Nabokov’s verdict came weeks before Evgeny Mravinsky premiered Shostakovich’s Symphony No. 10 with his peerless Leningrad Philharmonic. Some two years before that, Shostakovich completed a cycle of 24 Preludes and Fugues for solo piano. Neither work sustains a dominant tone of uplift. In fact, both are imperishable monuments to the complexity of the human spirit, arguably unsurpassed by any subsequent twentieth-century symphonic or keyboard composition.

A cousin of the famous novelist, Nabokov was born in 1903 near Minsk to a family of landed gentry subsequently dispossessed by the Revolution. He wound up a US citizen in 1936. In 1949, he conspicuously humiliated Shostakovich at the “Peace Conference” at New York’s Waldorf Astoria Hotel – an adventure in Soviet cultural propaganda that provoked counter-measures; the CCF came one year later.

A decade after that, JFK joined the cultural counter-offensive with a series of speeches claiming that art could only flourish in “free societies” and casting aspersion on all political art. Here is some of what he had to say:

“We must never forget that art is not a form of propaganda; it is a form of truth. In free society art is not a weapon and it does not belong to the spheres of polemic and ideology. Artists are not [as Lenin put it] ‘engineers of the soul.’ It may be different elsewhere. But democratic society — in it, the highest duty of the writer, the composer, the artist is to remain true to himself and to let the chips fall where they may. . . .”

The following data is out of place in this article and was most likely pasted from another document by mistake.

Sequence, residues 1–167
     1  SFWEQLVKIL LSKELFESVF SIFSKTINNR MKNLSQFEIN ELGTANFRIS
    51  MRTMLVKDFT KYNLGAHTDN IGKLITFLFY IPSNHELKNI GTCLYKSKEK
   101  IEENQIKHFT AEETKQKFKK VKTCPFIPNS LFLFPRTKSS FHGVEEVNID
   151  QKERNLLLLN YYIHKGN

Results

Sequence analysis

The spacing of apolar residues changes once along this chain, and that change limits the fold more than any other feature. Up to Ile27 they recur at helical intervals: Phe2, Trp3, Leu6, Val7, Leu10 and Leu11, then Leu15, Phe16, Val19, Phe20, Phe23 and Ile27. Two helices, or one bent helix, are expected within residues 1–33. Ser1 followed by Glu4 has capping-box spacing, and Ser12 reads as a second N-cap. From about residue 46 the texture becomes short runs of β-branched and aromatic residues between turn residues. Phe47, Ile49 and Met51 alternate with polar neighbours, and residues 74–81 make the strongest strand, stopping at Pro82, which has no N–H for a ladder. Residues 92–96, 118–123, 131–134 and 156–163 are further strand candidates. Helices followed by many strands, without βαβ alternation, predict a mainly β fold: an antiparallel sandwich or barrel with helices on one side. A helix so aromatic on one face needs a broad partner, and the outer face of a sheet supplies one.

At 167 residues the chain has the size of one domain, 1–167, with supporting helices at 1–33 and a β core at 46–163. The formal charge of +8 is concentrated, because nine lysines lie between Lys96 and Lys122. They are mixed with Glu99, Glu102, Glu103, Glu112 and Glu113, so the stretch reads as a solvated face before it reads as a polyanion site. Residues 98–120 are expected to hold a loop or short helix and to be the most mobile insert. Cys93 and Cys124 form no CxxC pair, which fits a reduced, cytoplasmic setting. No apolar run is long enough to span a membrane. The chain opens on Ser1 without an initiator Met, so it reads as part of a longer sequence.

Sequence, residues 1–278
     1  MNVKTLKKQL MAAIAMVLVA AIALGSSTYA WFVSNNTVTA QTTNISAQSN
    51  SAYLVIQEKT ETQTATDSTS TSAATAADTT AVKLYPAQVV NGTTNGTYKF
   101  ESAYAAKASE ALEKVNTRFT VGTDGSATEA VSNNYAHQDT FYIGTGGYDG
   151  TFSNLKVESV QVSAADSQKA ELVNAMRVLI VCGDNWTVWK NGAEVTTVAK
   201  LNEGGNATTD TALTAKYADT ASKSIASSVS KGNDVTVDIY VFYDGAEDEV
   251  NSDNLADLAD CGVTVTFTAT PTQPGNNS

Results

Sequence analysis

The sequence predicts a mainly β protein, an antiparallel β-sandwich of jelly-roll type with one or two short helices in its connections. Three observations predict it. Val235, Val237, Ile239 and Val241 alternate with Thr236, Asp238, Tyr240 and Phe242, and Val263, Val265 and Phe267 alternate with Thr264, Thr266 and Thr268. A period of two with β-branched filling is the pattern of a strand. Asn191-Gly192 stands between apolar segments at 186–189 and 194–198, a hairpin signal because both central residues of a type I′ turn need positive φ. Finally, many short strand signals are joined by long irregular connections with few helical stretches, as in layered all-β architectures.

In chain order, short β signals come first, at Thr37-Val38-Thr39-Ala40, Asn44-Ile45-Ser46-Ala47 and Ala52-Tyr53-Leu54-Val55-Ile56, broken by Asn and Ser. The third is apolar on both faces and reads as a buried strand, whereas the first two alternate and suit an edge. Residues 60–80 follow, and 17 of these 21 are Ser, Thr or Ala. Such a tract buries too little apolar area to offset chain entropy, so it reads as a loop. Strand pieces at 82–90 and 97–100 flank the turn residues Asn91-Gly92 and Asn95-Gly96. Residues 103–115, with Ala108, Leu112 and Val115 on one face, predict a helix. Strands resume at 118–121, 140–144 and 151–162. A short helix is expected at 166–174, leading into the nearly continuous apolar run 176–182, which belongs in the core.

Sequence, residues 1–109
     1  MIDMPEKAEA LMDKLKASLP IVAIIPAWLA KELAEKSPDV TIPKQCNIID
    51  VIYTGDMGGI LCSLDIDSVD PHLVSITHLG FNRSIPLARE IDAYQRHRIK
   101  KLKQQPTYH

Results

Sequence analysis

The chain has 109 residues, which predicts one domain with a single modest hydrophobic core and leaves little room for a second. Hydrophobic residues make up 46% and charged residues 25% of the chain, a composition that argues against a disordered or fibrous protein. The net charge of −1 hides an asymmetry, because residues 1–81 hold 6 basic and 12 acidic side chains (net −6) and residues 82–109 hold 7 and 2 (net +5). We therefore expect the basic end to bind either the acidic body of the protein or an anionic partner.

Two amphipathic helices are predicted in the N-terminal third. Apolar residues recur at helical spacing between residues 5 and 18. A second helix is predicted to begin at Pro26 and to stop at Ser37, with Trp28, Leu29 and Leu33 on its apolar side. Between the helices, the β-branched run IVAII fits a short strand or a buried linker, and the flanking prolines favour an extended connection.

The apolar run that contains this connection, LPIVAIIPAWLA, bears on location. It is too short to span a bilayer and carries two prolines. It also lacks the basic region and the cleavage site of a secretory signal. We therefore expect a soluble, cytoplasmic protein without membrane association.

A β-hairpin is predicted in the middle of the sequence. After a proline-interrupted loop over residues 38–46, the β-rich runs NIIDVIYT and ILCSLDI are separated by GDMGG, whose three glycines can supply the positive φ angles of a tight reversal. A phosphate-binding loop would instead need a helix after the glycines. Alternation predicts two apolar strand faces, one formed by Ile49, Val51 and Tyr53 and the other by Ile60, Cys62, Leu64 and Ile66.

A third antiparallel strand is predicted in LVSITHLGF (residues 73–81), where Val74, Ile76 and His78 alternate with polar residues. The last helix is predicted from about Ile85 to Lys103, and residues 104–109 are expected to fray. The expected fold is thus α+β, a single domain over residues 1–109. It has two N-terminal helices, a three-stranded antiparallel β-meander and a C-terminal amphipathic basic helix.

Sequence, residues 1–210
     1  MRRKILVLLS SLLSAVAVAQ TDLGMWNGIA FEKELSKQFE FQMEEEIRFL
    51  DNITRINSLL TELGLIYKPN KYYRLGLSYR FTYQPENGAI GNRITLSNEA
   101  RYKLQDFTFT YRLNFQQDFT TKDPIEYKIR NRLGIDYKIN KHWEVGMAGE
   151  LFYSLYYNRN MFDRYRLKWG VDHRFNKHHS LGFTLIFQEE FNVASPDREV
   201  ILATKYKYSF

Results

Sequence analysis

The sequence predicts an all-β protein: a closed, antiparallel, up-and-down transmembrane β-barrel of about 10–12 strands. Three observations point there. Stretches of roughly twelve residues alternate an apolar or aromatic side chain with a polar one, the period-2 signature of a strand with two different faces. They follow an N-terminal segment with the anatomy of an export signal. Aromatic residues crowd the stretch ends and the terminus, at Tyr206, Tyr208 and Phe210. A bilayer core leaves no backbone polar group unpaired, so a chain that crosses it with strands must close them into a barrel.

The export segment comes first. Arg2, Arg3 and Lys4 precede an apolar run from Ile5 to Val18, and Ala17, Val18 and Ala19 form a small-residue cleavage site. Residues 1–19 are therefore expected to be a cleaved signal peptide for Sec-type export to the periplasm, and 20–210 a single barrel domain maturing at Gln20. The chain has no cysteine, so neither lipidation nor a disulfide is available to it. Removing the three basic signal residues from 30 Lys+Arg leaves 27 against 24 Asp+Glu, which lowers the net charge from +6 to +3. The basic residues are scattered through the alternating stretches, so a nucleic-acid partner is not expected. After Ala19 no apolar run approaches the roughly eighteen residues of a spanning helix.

“We know that a totalitarian society can promote the arts in its own way — that it can arrange for splendid productions of opera and ballet, as it can arrange for the restoration of ancient and historic buildings. But art means more than the resuscitation of the past: it means the free and unconfined search for new ways of expressing the experience of the present and the vision of the future. When the creative impulse cannot flourish freely, when it cannot freely select its methods and objects, when it is deprived of spontaneity, then society severs the root of art.”

It all came to an end when in 1966 Ramparts Magazine outed the CCF as a CIA operation. A firestorm of controversy and consternation erupted. Scores of prominent publications and writers suddenly discovered that they had in effect been secretly employed as American intelligence agents. The best-known book about the CCF – Frances Stonor Saunders’ The Cultural Cold War (1999) – impugns the CIA for compromising the intellectual freedoms it sought to promote.  But the ironies of the campaign against Shostakovich elude her and other writers on the CCF.